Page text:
Sure, there are times when you head out the door and toss a “honey, I’m just going for a run,” over your shoulder.
But a run is always more. An opportunity to spend an hour with all the guilty favourites on your iPod playlist. A chance to share complaints about IT bands and idiotic governments with a running buddy. A date with your inner track coach to see if you can shave a few seconds off that 400m time.
Most of what is written about running talks about fitness, about distance or speed goals, about losing weight. But we also strap on the shoes to explore, to celebrate, to compete, to relax, to live up to our own ideals of who we should be.
Sometimes, exercise is the last thing on your mind as you hit the trails to work out a problem from the office or ponder the hearing problems of teenagers.
And, of course, many times a run is an escape or excuse. If you take the dog for a run, your wonderful spouse just might clean up the kitchen.
Or you might hit the fresh air to blow off steam after heated words with your partner. Why hasn’t anyone started a couples counselling practice that twists the age-old advice to “sleep on it” with the much more effective “run on it?” Take those habitual arguments for a run and come back with a fresh perspective.
Yet the best runs are an escape into the world, not an escape from it. An escape into a real world of trees and trails, dirt and cloud, air and weather. Unfiltered, unmediated.
Even runs that start with no motive, no goal, no great significance, morph into opportunities, big and small. Your slow warm-up down the street is a chance to check the non-progress of a neighbour’s fence building project. (Interesting how the squirrels are making themselves at home in his slumping stack of lumber.)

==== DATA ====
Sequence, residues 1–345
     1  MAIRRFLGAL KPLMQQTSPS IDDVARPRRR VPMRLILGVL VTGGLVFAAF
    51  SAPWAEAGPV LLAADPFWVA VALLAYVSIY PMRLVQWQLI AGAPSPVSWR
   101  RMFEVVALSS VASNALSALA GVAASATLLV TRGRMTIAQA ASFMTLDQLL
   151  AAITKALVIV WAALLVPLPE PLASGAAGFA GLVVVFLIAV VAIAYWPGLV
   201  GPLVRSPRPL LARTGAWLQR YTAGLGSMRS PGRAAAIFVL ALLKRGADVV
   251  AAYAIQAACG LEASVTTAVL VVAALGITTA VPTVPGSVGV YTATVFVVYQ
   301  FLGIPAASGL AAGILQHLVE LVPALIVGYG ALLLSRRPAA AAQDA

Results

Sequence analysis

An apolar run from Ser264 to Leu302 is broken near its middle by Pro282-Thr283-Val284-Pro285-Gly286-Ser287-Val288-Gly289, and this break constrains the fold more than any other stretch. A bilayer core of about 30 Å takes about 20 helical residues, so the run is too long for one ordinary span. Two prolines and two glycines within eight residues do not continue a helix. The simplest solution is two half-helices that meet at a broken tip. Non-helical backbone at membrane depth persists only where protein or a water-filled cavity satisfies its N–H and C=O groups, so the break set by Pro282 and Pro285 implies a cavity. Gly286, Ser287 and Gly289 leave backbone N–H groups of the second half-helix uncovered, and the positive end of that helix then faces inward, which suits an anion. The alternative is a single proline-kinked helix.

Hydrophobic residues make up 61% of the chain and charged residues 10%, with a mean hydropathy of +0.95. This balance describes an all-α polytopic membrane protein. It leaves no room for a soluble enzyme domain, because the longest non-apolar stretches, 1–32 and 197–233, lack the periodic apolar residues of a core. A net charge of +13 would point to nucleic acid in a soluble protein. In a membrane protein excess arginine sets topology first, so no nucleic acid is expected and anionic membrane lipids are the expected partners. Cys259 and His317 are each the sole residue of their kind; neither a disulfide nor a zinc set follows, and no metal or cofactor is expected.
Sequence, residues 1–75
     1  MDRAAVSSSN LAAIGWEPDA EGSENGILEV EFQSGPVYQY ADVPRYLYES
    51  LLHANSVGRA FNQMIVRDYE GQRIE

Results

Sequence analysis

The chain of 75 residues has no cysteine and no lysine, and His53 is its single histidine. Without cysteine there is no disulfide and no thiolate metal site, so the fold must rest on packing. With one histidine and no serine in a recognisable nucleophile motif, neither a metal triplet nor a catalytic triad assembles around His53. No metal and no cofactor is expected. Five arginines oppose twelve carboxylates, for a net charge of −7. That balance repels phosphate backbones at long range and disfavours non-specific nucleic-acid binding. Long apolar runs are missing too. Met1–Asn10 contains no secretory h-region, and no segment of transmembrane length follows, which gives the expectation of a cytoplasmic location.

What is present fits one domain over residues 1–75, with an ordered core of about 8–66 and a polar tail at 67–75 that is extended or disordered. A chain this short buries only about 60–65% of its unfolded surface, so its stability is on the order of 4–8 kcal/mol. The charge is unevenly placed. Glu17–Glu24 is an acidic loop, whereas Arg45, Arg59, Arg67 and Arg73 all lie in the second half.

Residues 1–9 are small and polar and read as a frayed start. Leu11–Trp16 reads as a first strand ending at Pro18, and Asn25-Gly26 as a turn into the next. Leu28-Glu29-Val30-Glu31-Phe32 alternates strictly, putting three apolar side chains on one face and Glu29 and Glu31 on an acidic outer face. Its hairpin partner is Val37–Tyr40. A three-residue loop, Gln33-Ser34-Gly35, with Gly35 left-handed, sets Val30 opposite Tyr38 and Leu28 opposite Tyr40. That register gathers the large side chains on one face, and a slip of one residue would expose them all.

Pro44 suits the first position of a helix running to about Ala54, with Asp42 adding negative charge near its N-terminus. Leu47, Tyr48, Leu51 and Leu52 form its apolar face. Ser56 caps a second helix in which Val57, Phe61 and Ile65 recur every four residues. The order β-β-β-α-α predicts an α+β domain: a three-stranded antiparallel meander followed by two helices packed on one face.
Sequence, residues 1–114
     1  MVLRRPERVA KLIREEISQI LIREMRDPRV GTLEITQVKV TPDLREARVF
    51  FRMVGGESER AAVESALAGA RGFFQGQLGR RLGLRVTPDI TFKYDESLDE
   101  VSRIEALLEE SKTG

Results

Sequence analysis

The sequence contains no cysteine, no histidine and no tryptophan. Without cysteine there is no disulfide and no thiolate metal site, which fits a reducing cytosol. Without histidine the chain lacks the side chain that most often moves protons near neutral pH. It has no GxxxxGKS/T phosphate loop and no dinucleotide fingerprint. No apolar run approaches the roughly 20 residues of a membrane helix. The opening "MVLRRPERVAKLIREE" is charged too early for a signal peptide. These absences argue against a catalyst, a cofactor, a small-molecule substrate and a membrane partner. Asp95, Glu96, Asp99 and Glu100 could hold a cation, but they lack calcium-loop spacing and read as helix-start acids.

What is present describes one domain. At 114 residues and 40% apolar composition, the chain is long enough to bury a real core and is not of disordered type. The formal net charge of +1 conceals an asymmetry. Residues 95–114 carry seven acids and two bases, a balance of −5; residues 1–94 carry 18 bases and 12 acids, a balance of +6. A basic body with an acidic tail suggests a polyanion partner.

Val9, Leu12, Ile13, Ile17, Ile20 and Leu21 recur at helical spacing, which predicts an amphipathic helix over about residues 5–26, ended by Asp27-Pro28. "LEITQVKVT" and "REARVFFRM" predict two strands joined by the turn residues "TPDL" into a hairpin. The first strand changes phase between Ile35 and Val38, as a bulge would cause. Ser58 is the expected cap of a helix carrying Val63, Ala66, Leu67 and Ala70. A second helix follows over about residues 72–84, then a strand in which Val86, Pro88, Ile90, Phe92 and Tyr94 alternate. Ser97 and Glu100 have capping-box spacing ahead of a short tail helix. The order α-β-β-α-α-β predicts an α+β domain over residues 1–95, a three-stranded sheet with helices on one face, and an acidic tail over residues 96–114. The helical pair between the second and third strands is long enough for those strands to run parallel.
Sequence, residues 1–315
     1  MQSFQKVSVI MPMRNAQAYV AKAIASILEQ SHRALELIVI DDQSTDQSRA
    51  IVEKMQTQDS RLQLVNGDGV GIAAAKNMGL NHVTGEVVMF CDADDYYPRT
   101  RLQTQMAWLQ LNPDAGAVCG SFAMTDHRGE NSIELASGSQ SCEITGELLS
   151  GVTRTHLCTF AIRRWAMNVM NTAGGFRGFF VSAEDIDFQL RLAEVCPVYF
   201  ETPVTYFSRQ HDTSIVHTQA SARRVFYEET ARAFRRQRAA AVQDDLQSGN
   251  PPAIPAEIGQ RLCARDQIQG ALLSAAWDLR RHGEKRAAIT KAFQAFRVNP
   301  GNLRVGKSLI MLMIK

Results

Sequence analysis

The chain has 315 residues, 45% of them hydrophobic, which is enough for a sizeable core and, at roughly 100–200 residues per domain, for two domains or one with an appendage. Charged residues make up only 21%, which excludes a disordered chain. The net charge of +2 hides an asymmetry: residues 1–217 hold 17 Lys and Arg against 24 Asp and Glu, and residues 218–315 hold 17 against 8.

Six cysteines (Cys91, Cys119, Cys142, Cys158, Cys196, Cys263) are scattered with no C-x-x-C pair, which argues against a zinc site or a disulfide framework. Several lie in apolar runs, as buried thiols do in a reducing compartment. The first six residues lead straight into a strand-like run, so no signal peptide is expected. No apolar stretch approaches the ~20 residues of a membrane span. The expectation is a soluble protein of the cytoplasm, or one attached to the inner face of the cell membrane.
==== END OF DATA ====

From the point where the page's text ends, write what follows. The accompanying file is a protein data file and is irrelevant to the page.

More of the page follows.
Other runs start out as ‘nothing’ and mysteriously transform into a big deal. You might be striding along pretty well and soon you imagine yourself shoulder-to-shoulder with Ethiopian running legend Haile Gebrselassie. Today, you think, you could keep pace for 10 strides, 100, maybe more. For a handful of moments your lungs expand like an East African’s.
Some days, the run goes a different direction, off into a meditative rhythm. Your breaths, your footfalls, your heartbeats echo the pulse of the universe.
Even on the most mundane days, a run is a slice of life. There is no need to diminish it or call it “just” anything.
I have been running regularly now for about ten years. People sometimes enquire why I run. More often, the question is unspoken, or implied. “So… you like running?” I immediately think of a tune on my running playlists, Bonnie Raitt’s “Blue for No Reason”.
When I was a girl, my favorite thing
In the whole wide world
Was to see a field and
Run for no reason
And off I’d go, no one behind
Only earth below
Just a patch of green, green as the season
Don’t ask why, your feet just fly
Green and sky is all that you’re needin
Why ask why, when all that’s true
The sky is blue, blue for no reason.
When I’m asked why I run, I’m always tempted to answer, “Oh, for no reason.” It would be quicker than explaining that every run is a different run, each with its own reason for being.
My philosophy: you may not get out of this life alive but, at this moment, you are alive. Alive and running. This is good. This is important.
“Blue for No Reason” by Bonnie Raitt & Paul Brady, © Universal Music
“Lorne Daniel race photo” by Fleet Feet Photos
“Jogger_07-1109-003″ Jules.K @ flickr.com. Creative Commons. Some Rights Reserved.
Did you enjoy this article?
Please let the author know by leaving them a comment below!
And, subscribe to our free weekly digest!
Simply add your email below. A confirmation email will be sent to you.